From Yemen to India, and parts of Central America to the African Sahel, about a quarter of the world's people face extreme water shortages that are fueling conflict, social unrest and migration, water experts said on Wednesday.

With the world's population rising and climate change bringing more erratic rainfall, including severe droughts, competition for scarcer water is growing, they said, with serious consequences.

"If there is no water, people will start to move. If there is no water, politicians are going to try and get their hands on it and they might start to fight over it," warned Kitty van der Heijden, head of international cooperation at the Netherlands' foreign ministry.

"It's threats like these that keep me up at night," the diplomat told a webinar hosted by the World Resources Institute (WRI), a U.S.-based research group.

According to the WRI, 17 countries face "extremely high" levels of water stress, while more than two billion people live in countries experiencing "high" water stress.

17 countries face extremely high water stress


Data from the World Resources Institute highlights 17 countries that face extremely high water stress.
Image: World Resources Institute

One in four children worldwide will be living in areas of extremely high water stress by 2040, researchers estimated.

In terms of water availability, "at some point we are going to hit the wall, and that wall might be different in different places", Heijden said.

Climate change is compounding the challenge, she said, with cities such as India's Chennai and South Africa's Cape Town battling severe water shortages in recent years related in part to erratic rainfall.

Disputes over water have for millenia served as a flashpoint, driving political instability and conflict, the water experts said.

And "the risks of water-related disputes are growing .. in part because of growing scarcity over water", said Peter Gleick, co-founder of the California-based Pacific Institute, which jointly published the report with WRI and The Water, Peace and Security Partnership.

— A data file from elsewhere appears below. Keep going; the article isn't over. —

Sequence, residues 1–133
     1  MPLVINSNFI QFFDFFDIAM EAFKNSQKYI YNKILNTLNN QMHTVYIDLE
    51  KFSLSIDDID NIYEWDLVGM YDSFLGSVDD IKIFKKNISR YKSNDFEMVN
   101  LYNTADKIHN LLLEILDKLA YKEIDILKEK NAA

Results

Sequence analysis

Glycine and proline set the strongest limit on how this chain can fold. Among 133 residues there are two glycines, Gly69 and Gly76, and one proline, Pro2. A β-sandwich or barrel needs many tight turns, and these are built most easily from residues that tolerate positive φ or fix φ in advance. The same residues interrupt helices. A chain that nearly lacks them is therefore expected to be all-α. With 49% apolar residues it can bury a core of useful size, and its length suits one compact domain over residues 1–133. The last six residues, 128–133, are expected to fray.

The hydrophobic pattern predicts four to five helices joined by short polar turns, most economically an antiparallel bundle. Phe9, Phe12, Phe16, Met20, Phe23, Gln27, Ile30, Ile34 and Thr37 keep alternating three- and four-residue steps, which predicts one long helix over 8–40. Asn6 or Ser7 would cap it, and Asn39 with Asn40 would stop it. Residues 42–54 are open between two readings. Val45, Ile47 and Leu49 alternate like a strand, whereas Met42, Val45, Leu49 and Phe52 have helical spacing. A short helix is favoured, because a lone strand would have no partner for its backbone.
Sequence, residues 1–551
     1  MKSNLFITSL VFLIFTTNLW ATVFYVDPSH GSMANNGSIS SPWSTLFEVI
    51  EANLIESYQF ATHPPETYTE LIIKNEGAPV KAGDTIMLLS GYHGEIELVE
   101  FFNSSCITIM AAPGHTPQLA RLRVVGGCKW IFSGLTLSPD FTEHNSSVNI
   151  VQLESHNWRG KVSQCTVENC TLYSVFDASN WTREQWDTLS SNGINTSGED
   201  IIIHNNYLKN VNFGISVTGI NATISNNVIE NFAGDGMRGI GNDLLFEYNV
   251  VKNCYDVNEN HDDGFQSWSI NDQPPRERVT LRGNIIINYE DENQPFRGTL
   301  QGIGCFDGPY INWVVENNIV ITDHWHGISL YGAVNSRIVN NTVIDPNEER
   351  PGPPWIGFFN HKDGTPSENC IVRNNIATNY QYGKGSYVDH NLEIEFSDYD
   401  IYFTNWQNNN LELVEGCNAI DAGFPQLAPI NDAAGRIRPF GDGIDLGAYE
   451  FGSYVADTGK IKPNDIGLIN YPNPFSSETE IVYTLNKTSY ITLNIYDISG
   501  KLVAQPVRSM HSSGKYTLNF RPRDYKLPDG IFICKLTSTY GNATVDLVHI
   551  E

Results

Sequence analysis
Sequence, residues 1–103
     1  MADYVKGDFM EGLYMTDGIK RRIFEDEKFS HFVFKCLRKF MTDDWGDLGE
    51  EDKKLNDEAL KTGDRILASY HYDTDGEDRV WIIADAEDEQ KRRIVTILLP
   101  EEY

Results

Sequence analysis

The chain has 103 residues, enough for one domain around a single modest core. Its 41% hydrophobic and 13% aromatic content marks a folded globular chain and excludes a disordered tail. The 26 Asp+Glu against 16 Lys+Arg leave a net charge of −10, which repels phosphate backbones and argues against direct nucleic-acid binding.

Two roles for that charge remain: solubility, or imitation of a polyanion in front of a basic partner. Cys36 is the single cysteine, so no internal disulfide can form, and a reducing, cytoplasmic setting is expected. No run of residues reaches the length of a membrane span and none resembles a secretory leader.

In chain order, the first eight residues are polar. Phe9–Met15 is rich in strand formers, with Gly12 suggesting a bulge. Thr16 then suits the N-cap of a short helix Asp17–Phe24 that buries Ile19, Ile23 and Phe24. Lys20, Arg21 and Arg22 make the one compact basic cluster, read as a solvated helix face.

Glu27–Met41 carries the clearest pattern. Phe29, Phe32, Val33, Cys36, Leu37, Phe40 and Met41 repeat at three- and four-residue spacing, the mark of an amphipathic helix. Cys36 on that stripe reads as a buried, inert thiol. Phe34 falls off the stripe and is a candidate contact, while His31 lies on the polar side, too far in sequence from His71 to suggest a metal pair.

But as water scarcity grows, water systems are also increasingly becoming targets in other types of conflicts, said Gleick, whose institute has compiled a chronology of water conflicts that dates back 5,000 years.

In Yemen, years of fighting has destroyed water infrastructure, leaving millions without safe water to drink or grow crops. Wells and other water facilities also have been targets in Somalia, Iraq, Syria and other countries, he said.

Smarter irrigation

Recurring droughts in parts of Central America and the African Sahel in recent years have triggered migration as subsistence farmers, whose harvests have been decimated by low rainfall, seek refuge and jobs in other countries.

One key to tackling water scarcity is boosting investment in more sparing use of water in agriculture, an industry that absorbs more than two-thirds of the water used by people each year, the experts said.

Farmers in some drought-hit areas are switching to more efficient sprinkler or drip irrigation, and are using remote monitoring tools to make sure they apply just the right amount of moisture at the right time and in the right place, they said.

Conserving forests, wetlands and watersheds, including those around cities, can help absorb rainfall, helping stem crop losses from flooding and drought.

"Where possible such green infrastructure should be used with or instead of traditional physical infrastructure like dams, levies (or) reservoirs," said Charles Iceland, head of global and national water initiatives at WRI.

That's both because it can cost less and because it encourages preservation of ecosystems, he said.

As water becomes more precious, communities living in water-scarce hot spots must be included in making decisions about its use and management, the experts said.

"Only in that way can we make real progress," said Heijden, noting that women and youth need to have a strong voice in those decisions.

She said a range of options were available to deal with worsening water scarcity, but getting them into practice could be a challenge.

"We know the many solutions that are there, but to actually implement them we still face many barriers, be they technical, financial or in terms of political will," she said.



Anastasia MoloneyLatin America and Caribbean Correspondent, Thomson Reuters Foundation

Thomson Reuters Foundation